Wednesday, July 06, 2016

Vita, Virginia & You

A lyrical period drama about the passionate love between two women is coming to the big screen. I know, I know – you already saw “Carol.” But this is “Vita & Virginia,” the long-gestating chronicle of the real-life romance between literary giants Vita Sackville-West and Virginia Woolf.

The two writers met in 1922 and started a relationship that lasted until Woolf’s death in 1941. Woolf famously wrote the “Orlando” as a tribute to Vita, who inspired the fantastical century-spanning, gender-bending novel.

The movie (which has not been cast yet) is based on the 1992 play by actress and writer Eileen Atkins. It should be noted that Atkins wrote the screenplay for “Mrs. Dalloway,” the 1997 film based on the Woolf novel. That film features a more-than-suggested attraction between the title character in her youth and her best friend, Sally (played by none other than Lena Headey). You see, all roads really do lead back to lesbianism and/or Lena Headey.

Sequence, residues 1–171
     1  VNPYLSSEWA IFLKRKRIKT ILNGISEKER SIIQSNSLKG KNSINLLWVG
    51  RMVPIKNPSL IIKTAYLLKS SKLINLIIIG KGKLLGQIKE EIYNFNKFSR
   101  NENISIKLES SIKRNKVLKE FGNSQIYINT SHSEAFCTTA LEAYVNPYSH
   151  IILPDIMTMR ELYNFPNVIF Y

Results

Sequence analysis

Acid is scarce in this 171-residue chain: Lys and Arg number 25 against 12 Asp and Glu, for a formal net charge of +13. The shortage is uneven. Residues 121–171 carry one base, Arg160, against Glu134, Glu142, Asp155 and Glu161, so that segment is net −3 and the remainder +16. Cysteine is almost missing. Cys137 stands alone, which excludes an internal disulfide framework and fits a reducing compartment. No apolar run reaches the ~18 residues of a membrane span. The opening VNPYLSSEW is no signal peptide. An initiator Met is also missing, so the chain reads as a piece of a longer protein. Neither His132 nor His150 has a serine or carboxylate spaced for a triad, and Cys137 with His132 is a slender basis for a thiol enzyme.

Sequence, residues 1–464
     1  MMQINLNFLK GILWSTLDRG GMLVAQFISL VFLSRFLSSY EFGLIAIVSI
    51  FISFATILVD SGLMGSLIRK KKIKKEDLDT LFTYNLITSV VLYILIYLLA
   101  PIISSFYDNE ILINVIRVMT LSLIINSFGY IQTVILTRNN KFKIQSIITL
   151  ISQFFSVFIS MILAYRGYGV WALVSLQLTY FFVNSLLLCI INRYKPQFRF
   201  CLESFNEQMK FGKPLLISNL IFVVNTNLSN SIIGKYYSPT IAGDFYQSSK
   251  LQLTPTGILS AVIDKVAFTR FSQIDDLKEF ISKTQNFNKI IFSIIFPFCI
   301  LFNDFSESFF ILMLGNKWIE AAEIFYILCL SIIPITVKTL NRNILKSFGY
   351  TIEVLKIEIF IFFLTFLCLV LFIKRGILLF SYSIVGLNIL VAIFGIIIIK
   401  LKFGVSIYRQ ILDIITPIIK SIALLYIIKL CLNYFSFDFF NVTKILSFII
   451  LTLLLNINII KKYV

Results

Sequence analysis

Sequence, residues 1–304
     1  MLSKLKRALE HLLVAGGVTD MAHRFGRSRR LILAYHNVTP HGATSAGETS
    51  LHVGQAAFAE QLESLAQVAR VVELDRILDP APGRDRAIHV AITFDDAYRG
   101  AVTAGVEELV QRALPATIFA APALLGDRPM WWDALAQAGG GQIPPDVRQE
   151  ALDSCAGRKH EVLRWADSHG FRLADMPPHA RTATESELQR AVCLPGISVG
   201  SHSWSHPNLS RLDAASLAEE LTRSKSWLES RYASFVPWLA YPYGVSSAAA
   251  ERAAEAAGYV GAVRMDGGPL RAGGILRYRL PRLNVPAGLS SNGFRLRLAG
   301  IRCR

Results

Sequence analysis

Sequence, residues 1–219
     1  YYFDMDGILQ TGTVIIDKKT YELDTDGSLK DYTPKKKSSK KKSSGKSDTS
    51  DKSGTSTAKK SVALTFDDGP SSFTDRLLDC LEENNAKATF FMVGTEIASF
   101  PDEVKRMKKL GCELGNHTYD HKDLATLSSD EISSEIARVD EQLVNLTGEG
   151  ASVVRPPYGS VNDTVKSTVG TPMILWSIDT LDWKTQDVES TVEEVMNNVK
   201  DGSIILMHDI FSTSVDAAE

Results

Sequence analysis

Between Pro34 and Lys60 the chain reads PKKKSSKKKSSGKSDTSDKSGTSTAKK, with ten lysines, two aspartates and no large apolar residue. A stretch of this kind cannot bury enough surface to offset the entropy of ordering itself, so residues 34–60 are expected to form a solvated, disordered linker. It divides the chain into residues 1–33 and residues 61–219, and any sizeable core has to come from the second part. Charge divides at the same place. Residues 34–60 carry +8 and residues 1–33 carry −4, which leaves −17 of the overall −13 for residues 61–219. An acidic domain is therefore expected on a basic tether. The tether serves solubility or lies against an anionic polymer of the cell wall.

Speaking of lesbianism, Chanya Button has been tapped to direct “Vita & Virginia.” And Chanya’s feature film debut from last year (“Burn Burn Burn”) included a lesbian character.

So, as I was saying. All roads lead back to lesbianism. And since this film hasn’t been cast yet, may I suggest Lena Headey as either Vita or Virginia. What? We all know Cersei won’t be on the Iron Throne forever.


Helena said...

This is brilliant news , thank you. I read all of Virginia's books in my faraway youth and often returns to them. If you can please watch the BBC series 'Portrait of a Marriage' - the story of Vita written by her son which was made into the tv series.

Anonymous said...

I'm torn about this. As many were at the time, Woolf (even though married to a Jew!) and Sackville-West were both raging anti-Semites, and racists. Their whole clique matched that description. So I hope that's dealt with honestly and critically in the film.


Carmen SanDiego said...

May I suggest Lena Headey And Julianne Moore?

Scamp said...

Leave "me" out of this.

The Bloomsbury crowd damned with faint praise Radclyffe Hall's "The Well of Loneliness" and, in doing so, helped the Crown declare the pathbreaking novel "obscene."